The economic policy goals of Brazil are actively developed, with widespread international acceptance. The fiscal discipline, economic improvement and the compliance with inflation targets have helped to reduce the perception of risk.
According to Standard & Poor's, the upgrade of Brazil's long-term local and foreign currency sovereign credit ratings reflects the improvement of macroeconomic management after the real crisis of 1999, with fiscal adjustment, structural reform coupled with a credible floating exchange rate, and inflation targeting regimes. The international agency praised the Brazilian economic policy, which in 1999 had unprecedented success in limiting spending during an election year.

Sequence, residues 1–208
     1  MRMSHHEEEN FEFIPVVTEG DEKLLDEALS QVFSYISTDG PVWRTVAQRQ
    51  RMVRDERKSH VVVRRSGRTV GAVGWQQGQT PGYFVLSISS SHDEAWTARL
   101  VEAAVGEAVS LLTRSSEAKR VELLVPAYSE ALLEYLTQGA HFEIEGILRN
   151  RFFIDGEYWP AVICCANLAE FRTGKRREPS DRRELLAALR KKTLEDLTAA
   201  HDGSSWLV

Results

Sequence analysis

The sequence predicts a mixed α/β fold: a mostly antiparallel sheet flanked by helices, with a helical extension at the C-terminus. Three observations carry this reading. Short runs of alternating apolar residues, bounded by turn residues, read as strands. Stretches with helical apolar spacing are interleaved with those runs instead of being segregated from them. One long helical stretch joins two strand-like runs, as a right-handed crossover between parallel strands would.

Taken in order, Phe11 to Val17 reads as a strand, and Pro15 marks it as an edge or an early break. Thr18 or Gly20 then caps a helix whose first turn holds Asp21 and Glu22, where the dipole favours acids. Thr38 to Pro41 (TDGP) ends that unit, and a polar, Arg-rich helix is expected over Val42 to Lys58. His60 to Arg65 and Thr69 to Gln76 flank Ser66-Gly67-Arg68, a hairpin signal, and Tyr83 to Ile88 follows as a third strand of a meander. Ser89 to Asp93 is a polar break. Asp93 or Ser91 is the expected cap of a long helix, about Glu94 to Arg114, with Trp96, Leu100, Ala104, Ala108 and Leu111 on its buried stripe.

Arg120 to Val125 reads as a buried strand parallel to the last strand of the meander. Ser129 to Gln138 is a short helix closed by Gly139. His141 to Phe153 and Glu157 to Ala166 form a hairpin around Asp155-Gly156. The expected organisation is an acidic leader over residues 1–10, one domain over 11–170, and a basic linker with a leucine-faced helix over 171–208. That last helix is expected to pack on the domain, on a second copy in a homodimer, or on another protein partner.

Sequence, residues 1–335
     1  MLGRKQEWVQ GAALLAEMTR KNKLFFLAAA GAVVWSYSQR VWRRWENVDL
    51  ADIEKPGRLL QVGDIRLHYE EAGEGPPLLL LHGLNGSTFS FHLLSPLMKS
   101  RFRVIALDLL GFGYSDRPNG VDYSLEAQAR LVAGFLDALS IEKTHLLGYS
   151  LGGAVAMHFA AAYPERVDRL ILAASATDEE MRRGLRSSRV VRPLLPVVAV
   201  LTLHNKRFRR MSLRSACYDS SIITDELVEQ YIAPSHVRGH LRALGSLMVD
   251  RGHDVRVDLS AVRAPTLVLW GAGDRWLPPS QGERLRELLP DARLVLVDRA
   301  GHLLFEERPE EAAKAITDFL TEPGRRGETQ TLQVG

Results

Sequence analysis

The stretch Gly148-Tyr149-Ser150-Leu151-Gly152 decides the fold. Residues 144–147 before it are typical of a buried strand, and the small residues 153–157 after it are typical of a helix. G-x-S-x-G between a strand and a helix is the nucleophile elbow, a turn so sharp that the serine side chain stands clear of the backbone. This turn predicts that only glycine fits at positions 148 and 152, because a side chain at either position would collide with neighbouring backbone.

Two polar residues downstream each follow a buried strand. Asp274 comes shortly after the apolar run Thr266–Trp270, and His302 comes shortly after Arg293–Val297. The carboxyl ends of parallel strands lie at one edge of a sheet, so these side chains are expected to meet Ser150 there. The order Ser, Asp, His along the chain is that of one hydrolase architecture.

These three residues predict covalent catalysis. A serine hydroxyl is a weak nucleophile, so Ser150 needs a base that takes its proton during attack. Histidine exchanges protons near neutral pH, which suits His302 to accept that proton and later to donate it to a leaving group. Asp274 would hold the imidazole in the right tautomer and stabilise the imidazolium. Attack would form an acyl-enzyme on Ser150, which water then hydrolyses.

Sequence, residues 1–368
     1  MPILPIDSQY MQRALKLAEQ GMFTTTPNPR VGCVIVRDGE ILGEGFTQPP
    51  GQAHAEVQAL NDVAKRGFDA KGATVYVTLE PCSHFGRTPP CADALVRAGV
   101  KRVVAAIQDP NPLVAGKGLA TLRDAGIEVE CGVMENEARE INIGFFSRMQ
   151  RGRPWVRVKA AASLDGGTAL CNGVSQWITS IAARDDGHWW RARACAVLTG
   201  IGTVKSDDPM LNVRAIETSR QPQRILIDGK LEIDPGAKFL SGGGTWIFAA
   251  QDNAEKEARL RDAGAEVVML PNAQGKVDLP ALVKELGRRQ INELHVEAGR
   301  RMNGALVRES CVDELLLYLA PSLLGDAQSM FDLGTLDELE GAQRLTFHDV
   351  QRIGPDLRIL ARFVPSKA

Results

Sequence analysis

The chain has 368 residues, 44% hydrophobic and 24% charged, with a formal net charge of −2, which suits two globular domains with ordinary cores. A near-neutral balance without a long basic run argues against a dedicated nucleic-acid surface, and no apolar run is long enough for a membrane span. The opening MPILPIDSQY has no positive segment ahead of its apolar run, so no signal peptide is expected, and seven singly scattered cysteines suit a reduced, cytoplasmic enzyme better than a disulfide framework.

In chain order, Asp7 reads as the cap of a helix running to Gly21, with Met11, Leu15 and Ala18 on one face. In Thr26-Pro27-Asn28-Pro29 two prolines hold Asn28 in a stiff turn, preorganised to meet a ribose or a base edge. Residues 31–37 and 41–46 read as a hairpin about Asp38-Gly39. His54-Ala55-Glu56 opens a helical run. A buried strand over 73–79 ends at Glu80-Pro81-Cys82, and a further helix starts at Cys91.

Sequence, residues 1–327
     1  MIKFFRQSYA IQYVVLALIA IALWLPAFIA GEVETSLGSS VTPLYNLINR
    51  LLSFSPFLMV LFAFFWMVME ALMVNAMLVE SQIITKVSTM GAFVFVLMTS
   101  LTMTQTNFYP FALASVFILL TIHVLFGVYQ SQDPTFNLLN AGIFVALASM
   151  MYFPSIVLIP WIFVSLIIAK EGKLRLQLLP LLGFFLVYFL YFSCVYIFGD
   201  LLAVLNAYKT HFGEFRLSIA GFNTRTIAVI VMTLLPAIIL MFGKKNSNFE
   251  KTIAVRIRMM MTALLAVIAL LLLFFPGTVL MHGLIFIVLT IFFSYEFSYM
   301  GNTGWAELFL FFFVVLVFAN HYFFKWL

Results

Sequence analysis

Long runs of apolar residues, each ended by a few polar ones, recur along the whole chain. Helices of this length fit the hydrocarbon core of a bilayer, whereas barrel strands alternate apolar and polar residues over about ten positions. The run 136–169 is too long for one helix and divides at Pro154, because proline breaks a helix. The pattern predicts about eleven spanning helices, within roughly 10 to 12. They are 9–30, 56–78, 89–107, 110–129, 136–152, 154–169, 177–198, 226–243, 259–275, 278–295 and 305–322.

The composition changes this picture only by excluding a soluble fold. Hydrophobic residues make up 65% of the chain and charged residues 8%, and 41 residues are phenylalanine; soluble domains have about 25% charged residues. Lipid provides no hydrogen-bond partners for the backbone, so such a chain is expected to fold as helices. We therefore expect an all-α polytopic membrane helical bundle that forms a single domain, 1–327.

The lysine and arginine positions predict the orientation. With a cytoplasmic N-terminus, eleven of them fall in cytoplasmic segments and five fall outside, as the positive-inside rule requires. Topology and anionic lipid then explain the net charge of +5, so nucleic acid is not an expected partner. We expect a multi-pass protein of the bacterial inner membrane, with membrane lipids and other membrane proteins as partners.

In view of this, Brazil has effected two bonus issues, to attract resources to roll over its external debt, and effect a partial payment including interest payments on this debt. The operations started on January 5 2001, with the issue of $1.5 billion in global bonuses. A few days later, a new issue of one billion eurobonuses provided Brazil's treasury with $942 million, payable within 10 years. These two issues provide Brazil with 37% of the total amount needed for its international debt service in 2001. As a result, Brazil has been viewed as the best choice in the emerging markets, and the first two issues of the year have not satisfied market demand.
Eliana Maria Filippozzi
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